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National Disability Employment Awareness Month Calls Attention To Underrepresented Workforce

By Karen Rosen | Oct. 21, 2020, 9:30 a.m. (ET)

Clark Rachfal and David Swanson compete in the Men's Road Race B at the 2011 Parapan American Games on Nov. 19, 2011 in Guadalajara, Mexico. 


Paralympian Clark Rachfal is well aware of job interviews that go nowhere.

“You look great on paper,” he said, “but as soon as you enter that room with a white cane, a guide dog or a wheelchair, you can just feel the energy change.”

“And you get the ‘We’ll call you back. We’ll be touch,’ and you know exactly how that’s going to go.’”

Rachfal, a para-cyclist who is the Director of Advocacy and Governmental Affairs at American Council of the Blind, is among those working to change that outcome for the better.

October is National Disability Employment Awareness Month, celebrating the skills and creativity that people with disabilities bring to America‘s workplaces while reminding employers to utilize inclusive hiring practices.

“It’s important to have National Disability Employment Awareness Month because people with disabilities are still severely underrepresented in the workforce,” said Rachfal, who competed in tandem cycling at the Paralympic Games London 2012. “Some of that is implicit and unintentional bias and in other cases it’s employers placing low expectations upon what people with disabilities are capable of doing.”

As of July 2018, only 29 percent of Americans of working age (between 16 and 64) with disabilities participated in the workforce, compared with 75 percent of Americans without a disability, according to a 2018 study by Accenture called “Getting to Equal: The Disability Inclusion Advantage.”

In 2017, the unemployment rate for people with disabilities was more than twice that for those without a disability, 9.2 percent vs. 4.2 percent.

The study pointed out that there are 15.1 million people of working age living with disabilities in the United States.

“It sounds so easy - just hire more people with disabilities. Just do it, right?” said Susan Katz, Senior Talent Attraction Partner at Biogen, a Boston-based biotech company, and a wheelchair basketball gold medalist at the Paralympic Games Athens 2004.

But it is so much more complicated.

“There are a lot barriers earlier in life that prevent people with disabilities from being able to get employment in regards to access to education,” said Katz. “And transportation can be a huge obstacle.”

She said that during the pandemic, with many people working remotely, employers have seen that workers can be just as productive from home.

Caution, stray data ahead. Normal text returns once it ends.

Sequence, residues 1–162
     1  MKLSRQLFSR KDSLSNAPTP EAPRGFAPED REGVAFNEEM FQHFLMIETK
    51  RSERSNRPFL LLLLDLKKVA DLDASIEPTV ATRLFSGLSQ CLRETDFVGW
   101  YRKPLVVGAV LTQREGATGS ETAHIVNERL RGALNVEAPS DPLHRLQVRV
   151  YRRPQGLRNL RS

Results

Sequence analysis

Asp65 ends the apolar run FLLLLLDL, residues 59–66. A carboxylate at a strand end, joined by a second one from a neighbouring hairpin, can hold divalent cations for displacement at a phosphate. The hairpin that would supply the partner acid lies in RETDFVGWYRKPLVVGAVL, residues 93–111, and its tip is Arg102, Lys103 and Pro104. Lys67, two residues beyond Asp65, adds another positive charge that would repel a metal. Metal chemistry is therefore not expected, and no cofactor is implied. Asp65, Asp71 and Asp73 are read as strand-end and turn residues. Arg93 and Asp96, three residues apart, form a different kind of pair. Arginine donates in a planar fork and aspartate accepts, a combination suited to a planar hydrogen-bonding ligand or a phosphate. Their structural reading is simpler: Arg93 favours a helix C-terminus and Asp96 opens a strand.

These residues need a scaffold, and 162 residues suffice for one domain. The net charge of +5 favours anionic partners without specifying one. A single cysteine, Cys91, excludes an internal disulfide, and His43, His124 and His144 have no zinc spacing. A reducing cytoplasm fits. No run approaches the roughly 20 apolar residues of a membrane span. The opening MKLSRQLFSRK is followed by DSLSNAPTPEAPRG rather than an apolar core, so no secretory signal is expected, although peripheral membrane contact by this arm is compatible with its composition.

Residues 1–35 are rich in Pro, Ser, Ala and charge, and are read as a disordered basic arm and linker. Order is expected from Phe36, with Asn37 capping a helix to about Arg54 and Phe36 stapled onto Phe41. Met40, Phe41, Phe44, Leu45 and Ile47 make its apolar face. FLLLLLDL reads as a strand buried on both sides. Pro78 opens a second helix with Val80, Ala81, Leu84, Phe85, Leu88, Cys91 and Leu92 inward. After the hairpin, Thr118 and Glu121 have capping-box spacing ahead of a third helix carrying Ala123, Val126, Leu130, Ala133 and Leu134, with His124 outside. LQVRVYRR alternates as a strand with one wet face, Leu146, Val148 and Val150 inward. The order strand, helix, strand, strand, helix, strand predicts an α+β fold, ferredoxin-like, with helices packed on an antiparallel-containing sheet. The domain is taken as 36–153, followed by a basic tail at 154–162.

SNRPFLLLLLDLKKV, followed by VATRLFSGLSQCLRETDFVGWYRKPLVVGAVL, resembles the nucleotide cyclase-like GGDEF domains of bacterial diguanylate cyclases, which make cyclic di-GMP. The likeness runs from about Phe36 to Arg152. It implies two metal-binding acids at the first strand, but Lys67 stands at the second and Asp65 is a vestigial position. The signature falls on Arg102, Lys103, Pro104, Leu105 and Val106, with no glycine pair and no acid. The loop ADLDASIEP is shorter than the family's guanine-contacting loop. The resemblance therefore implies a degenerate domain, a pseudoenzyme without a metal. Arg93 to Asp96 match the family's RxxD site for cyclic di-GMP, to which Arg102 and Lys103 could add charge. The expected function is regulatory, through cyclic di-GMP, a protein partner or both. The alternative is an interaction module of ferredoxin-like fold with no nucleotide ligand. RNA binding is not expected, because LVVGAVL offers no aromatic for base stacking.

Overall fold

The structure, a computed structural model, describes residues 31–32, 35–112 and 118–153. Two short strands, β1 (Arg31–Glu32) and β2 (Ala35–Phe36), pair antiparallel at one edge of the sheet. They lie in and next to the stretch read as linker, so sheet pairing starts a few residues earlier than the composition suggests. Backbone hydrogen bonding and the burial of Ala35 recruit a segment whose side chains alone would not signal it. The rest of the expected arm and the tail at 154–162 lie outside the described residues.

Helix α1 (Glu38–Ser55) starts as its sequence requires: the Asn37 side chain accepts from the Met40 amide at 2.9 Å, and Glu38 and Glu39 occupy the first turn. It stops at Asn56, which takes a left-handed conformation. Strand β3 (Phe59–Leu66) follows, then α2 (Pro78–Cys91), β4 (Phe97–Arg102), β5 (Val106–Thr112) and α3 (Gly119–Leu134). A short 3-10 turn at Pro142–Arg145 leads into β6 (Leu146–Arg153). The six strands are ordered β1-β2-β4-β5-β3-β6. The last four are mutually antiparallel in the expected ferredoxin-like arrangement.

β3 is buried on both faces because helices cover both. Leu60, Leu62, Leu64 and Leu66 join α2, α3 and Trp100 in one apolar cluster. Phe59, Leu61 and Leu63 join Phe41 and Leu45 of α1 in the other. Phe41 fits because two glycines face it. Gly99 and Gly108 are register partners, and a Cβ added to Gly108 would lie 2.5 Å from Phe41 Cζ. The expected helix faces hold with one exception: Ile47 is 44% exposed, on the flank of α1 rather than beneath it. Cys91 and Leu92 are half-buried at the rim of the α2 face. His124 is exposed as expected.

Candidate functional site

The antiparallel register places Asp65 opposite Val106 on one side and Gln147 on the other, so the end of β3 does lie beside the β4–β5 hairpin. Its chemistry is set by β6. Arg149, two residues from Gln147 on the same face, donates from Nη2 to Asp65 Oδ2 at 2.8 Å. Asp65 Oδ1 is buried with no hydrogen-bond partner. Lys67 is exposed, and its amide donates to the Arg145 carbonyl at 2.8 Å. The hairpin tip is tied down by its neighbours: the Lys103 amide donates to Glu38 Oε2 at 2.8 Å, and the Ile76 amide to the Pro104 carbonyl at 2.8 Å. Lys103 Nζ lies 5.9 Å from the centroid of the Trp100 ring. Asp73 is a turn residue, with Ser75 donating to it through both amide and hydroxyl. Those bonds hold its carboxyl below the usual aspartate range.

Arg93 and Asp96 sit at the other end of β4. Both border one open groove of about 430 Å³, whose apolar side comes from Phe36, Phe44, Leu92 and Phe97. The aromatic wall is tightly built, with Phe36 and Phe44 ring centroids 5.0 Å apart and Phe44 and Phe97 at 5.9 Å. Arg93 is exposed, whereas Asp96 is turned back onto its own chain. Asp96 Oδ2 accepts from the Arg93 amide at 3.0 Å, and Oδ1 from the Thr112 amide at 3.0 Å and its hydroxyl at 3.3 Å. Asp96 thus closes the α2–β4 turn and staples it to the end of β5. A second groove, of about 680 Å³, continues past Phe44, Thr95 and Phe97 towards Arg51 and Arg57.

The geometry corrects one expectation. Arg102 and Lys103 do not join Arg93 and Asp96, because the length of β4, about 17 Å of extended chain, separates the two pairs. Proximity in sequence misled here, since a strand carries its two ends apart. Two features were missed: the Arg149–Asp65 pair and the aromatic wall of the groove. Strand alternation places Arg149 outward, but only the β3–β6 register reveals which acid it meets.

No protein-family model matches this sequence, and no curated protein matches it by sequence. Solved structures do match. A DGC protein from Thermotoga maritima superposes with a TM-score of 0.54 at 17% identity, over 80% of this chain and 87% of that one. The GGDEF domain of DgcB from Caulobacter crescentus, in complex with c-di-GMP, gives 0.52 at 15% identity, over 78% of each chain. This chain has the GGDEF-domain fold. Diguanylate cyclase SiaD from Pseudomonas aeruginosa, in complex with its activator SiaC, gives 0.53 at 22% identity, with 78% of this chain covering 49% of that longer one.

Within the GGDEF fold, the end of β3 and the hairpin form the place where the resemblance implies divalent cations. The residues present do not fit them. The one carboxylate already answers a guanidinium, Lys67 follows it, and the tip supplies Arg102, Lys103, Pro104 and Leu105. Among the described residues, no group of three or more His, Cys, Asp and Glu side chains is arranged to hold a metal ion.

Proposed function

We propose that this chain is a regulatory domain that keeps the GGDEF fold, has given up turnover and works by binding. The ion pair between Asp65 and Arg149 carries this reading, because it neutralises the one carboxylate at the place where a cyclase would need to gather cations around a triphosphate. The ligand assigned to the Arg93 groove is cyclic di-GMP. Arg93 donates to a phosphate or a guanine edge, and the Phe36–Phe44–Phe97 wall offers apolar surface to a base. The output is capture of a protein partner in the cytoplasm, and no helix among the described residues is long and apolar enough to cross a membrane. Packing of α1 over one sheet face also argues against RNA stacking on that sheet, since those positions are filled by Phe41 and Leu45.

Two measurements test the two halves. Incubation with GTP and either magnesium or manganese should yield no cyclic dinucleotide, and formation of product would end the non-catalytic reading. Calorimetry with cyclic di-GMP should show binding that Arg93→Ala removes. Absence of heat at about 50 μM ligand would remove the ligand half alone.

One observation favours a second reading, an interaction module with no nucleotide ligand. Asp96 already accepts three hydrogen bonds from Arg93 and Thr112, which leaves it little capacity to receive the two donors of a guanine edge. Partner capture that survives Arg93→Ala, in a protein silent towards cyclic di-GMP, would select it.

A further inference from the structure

“It is something that has opened a lot of eyes,” Katz said. “It’s helping people understand this might be a reasonable accommodation for those who have disabilities. This person is fully capable. There’s no reason not to hire them.”

Katz, who was recently named Global Co-chair of AccessAbility, Biogen’s disability employee resource group, said diversity, equity and inclusion initiatives are at the forefront among employers more than ever before.

However, she noted that race, gender, sexuality and religion often get more attention as underrepresented categories than disability does.

“To have this month is certainly a celebration,” Katz said, adding that studies show that hiring employees with disabilities “raises your bottom line.”

According to Accenture, companies that excelled in hiring people with disabilities have higher revenue and shareholder returns.

And don’t forget that employees with disabilities are also consumers.

The U.S. Office of Disability Employment Policy categorizes persons with disabilities as the third-largest market segment in the U.S. after Hispanics and African Americans, noting that their discretionary income of $21 billion is more than that of the Hispanic and African American segments combined.

“When you make it known that you are a disability-friendly company, people with disabilities will buy your products,” said Katz, who was born with spina bifida and has used a wheelchair since age 10.

The Accenture study said that if the employment rate of people with disabilities went up by just  1 percentage point, that would result in a $25 billion increase to the GDP.

“So, not only is it good from a social standpoint, but it’s good from a financial and economic standpoint for people with disabilities to be involved in the workforce,” Rachfal said.